Valve has recently announced a new content platform that would cater specifically to VR and the HTC/Valve VIVE. The recent release of Valve’s Virtual Reality headgear entry into the VR industry has created a lot of commotion on the future potentials and upcoming content products that will run on the VIVE.
In a joint venture with Taiwan based HTC Corporation which happens to be one of the biggest and oldest Asian companies to be involved in electronic communications, Valve has come up with what can be described as the currently highest-ended Virtual reality headset system for the PC.
Compared to its closest rival the Oculus Rift, the Valve HTC VIVE outshines the competition on several points mostly on the technology side of the VR spectrum. The use of lasers to pinpoint the position of the headset with almost perfect accuracy and the optical VR technology which eliminated as much as possible the nauseative motion effects of movement in the virtual environment among others things has clearly placed the VIVE as the current defacto VR system by which others are measured with in terms of VR technology.
The need for content for both the VIVE and not far behind Oculus, has spurred developers to rush in coming up with products for the PC based VR systems as well as the console and mobile markets. This continues influx of content produced would definitely need a support and distribution platform specifically for VR game and applications.
Almost all VR systems released commercially make it a point to provide in one way or another, an online platform for their customers and users and both Valve HTC and Oculus are no exceptions. Oculus has Oculus Home which happens to have a very friendly user interface platform (except for their no refund and no return policy). Oculus users can purchase/download content directly from Oculus and at the same time from Valve itself via Steam VR.
Valve/Steam on the other hand has a wider selection of content with regular Steam that handles mostly game content for the PC and Console market. Steam VR serves as the content distribution platform for both VIVE and Oculus games and applications. In fact, any VR headset compatible with the two would probably be able to run content from Steam.
Valve’s business model where your competition is also your business partner and which has been proven with the success of Steam has created a paradigm of everybody working together for a win-win result. Oculus is in competition with Valve yet very much in business with Steam. The Rift maybe slowly eating away at the overall sales of the VIVE due to its lower price but Oculus users download their VR content mostly from Steam via Steam VR.
This brings us to HTC and the VivePort platform. Make no mistake, VivePort is a platform of Valve in partnership with HTC. VivePort is an extension of Steam VR. It handles VR content which will run on the VIVE and compatible VR headsets. VivePort works like Steam VR and is and will be available in countries where Steam does not and is prohibited to operate. Namely, China.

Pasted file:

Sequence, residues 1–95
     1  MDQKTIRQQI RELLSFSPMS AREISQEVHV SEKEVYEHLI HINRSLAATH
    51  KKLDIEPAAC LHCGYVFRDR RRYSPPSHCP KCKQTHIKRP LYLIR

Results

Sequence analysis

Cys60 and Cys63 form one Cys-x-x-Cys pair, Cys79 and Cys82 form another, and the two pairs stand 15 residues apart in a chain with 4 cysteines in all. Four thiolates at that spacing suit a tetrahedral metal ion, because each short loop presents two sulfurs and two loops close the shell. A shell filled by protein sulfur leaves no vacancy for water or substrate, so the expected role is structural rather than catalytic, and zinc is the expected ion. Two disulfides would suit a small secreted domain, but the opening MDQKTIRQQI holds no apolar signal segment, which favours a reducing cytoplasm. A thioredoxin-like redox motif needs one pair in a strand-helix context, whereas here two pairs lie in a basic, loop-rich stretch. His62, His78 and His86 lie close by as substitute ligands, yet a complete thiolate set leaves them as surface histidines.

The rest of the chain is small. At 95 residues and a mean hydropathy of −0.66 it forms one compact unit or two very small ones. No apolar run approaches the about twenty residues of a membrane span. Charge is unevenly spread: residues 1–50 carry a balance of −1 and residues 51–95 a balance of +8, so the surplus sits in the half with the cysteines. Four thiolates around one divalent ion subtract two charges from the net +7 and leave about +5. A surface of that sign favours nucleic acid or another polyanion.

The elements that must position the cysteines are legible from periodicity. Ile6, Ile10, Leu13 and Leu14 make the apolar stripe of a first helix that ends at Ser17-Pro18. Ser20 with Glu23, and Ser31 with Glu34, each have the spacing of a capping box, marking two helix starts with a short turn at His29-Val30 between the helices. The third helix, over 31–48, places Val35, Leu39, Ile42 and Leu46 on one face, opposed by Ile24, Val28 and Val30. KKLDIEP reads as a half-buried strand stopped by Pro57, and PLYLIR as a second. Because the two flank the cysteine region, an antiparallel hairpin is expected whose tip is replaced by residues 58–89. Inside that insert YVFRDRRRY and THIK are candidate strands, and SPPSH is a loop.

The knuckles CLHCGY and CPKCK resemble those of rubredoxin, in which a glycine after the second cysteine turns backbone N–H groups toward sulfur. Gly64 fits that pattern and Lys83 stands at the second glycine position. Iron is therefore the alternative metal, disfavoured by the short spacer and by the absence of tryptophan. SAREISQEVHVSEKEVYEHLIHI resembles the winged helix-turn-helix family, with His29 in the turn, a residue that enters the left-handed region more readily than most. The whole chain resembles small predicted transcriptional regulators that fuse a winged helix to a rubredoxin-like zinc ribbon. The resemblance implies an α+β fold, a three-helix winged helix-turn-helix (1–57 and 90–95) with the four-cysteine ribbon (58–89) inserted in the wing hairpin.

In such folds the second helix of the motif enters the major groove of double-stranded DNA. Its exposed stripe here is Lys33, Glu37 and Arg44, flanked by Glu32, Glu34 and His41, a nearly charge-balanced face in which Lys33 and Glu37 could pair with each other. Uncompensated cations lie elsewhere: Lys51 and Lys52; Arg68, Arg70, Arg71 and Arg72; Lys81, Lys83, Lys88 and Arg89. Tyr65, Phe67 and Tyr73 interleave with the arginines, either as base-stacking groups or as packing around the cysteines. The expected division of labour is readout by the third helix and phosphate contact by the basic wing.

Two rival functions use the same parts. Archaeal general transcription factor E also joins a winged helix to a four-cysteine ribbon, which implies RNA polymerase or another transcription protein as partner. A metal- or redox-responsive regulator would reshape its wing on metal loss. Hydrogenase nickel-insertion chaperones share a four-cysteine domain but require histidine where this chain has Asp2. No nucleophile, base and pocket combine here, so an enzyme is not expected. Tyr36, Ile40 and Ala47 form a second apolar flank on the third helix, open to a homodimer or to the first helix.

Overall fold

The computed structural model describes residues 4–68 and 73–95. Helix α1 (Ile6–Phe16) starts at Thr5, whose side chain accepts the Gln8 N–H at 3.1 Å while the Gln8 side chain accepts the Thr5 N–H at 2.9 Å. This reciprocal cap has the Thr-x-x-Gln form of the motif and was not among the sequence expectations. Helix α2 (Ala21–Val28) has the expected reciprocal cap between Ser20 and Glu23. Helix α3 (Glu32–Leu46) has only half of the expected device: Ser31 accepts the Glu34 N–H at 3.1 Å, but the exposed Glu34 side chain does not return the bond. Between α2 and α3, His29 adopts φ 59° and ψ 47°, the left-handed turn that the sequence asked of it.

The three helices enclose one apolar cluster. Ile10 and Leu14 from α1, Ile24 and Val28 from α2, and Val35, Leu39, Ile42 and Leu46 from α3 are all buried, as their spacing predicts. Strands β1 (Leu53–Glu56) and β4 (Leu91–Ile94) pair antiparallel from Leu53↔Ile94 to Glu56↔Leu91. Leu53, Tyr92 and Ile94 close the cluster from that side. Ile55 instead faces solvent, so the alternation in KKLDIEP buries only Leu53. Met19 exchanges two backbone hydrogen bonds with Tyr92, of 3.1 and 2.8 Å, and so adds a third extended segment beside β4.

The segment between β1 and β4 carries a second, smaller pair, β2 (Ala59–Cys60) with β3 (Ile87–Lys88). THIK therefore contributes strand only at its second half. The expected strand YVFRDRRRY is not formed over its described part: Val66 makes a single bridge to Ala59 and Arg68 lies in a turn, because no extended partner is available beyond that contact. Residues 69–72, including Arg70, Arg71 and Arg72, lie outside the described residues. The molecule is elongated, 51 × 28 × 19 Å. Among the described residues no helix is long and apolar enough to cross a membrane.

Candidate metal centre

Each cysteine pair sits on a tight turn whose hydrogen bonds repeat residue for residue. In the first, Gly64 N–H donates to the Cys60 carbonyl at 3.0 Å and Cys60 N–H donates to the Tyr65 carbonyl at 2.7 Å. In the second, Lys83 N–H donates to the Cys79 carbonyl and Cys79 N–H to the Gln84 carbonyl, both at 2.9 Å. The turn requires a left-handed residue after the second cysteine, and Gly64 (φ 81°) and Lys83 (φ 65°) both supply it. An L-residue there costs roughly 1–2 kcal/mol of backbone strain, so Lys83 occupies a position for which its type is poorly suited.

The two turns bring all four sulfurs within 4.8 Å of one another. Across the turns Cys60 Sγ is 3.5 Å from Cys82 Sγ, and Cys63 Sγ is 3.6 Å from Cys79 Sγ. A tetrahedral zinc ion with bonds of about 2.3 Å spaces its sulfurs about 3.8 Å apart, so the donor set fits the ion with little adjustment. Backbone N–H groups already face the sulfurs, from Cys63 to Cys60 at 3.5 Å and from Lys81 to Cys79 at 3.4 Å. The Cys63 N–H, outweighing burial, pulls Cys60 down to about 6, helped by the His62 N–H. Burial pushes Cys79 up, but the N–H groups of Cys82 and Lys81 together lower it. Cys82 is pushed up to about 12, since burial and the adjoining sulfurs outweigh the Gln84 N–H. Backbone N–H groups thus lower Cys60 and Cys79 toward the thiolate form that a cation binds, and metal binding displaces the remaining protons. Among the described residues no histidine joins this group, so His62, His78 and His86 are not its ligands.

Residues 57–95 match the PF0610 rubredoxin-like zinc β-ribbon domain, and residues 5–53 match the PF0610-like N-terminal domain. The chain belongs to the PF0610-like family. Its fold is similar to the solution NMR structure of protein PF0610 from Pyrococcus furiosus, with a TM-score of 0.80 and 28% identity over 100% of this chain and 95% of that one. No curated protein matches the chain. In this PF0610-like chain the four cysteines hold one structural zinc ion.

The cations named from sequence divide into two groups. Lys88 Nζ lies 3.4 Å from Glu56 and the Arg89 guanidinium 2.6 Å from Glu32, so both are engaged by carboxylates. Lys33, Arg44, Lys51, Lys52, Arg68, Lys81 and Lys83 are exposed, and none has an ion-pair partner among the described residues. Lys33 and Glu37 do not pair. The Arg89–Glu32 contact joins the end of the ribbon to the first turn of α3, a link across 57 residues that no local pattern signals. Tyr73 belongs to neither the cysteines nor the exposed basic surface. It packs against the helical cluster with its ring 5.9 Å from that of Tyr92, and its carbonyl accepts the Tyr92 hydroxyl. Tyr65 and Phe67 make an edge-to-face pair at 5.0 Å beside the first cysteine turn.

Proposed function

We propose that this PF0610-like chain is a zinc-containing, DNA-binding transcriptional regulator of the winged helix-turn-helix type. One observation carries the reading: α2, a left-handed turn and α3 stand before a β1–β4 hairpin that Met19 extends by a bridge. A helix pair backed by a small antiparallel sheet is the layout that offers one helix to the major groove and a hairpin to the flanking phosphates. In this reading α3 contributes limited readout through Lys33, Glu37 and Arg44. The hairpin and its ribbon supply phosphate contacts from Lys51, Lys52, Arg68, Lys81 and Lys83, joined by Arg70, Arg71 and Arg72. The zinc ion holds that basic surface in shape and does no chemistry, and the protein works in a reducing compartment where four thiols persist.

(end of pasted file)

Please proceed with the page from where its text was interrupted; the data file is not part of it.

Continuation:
VivePort under HTC has been operating under alpha in China for already a couple of months. VivePort allows Chinese VR content to be distributed in China and other Asian markets. China’s massive VR market and the amount of content that needs to be distributed is huge and VivePort will be what Steam VR is to the US and the western world.
Chinese-speaking Asian gamers will have access to the VR games and applications which they can run on their VIVE-compatible, “Made in China” headsets too. Likewise, western users will have access to the myriad of much cheaper content developed in China. This will give gamers in Asia and other parts of the world a less costly alternative to Steam VR and other western portals.
HTC has been very aggressive in positioning the VivePort as the global access platform for VR content. Recently bringing together 28 of the world’s top venture capital firms involved with the VR industry, HTC has announced the formation of the Virtual Reality Venture Capital Alliance (VRVCA). The alliance and member’s together sum up an amount of over 10billion USD aimed at supporting the accelerated growth of the VR industry at a global scale.
The alliance provides venture capitalist to work together instead of competing with each other by investing in start-up firms that will drive and shape the future of the VR industry. The alliance and HTC will identify the most promising VR start-ups, bring in needed capital and help them commercialize their products and achieve profitability. The VR industry in China is currently focusing on creative VR content, vertical applications and entertainment.
HTC and the VRVCA have announced their Vive X Global VR Accelerator Program and associated $100 million fund which was launched last April to invest in the development of products (both hardware and software) to speed-up the VR industry. With around 1200 applications from more than 30 countries all over the world, supported star-ups will have access to the one-stop global go-to-market platform. VivePort.
Feature-wise, VivePort is not that much different from Steam VR or Oculus Home but the market and number of contents will definitely be immense. For the VR gamer, a global alternative to the current platforms would be a huge welcome and hopefully much more affordable option for another distribution method. For HTC, it would be the probability of leading the future of the VR industry.